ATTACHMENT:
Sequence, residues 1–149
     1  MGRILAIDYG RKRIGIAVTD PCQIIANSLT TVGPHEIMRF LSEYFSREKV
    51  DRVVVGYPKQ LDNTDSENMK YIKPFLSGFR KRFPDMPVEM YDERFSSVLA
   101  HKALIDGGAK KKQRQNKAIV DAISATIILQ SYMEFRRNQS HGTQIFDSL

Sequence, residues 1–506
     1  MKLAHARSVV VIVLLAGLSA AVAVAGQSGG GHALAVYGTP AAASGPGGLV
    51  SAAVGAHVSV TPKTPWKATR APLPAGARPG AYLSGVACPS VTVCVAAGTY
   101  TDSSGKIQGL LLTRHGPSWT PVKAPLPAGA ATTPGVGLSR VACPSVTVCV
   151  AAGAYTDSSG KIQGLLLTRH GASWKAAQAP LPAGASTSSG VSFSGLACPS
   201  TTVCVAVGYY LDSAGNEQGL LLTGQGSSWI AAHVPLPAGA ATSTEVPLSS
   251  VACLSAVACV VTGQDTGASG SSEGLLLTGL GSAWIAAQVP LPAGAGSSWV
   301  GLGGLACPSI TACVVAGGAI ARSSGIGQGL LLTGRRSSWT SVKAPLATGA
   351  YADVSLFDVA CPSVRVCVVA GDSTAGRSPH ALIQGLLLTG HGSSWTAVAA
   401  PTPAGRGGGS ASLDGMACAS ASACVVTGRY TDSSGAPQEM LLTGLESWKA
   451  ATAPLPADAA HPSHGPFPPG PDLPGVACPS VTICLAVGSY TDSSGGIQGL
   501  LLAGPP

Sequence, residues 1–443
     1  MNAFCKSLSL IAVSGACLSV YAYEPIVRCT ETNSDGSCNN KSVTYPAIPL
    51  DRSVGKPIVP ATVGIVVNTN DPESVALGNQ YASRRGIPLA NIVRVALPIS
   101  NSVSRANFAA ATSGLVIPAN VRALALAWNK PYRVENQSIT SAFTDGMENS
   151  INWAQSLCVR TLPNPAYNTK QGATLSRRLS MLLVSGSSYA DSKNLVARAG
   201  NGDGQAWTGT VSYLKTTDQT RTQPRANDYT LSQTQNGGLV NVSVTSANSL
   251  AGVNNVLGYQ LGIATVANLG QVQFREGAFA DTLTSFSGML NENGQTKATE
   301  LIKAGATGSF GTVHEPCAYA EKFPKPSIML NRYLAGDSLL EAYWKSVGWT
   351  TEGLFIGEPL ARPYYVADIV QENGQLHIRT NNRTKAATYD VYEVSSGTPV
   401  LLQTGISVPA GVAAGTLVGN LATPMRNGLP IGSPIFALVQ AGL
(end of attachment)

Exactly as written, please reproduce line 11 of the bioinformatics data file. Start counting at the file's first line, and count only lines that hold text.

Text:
   251  VACLSAVACV VTGQDTGASG SSEGLLLTGL GSAWIAAQVP LPAGAGSSWV